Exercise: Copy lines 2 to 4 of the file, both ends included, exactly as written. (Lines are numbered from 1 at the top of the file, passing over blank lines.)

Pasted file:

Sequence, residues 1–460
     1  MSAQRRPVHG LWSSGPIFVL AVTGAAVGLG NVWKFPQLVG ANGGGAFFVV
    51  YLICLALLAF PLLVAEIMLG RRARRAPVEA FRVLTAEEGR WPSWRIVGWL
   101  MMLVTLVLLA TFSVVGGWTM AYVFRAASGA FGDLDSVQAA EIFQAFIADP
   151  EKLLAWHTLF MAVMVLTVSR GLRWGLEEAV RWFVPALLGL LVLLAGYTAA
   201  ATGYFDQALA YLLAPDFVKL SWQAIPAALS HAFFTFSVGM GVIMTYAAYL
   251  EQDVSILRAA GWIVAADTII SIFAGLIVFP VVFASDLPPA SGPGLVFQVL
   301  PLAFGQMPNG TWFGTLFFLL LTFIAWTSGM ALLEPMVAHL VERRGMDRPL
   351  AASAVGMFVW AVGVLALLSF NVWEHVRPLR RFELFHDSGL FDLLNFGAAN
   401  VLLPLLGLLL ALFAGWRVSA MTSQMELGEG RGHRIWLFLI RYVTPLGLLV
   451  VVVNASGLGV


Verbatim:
     1  MSAQRRPVHG LWSSGPIFVL AVTGAAVGLG NVWKFPQLVG ANGGGAFFVV
    51  YLICLALLAF PLLVAEIMLG RRARRAPVEA FRVLTAEEGR WPSWRIVGWL
   101  MMLVTLVLLA TFSVVGGWTM AYVFRAASGA FGDLDSVQAA EIFQAFIADP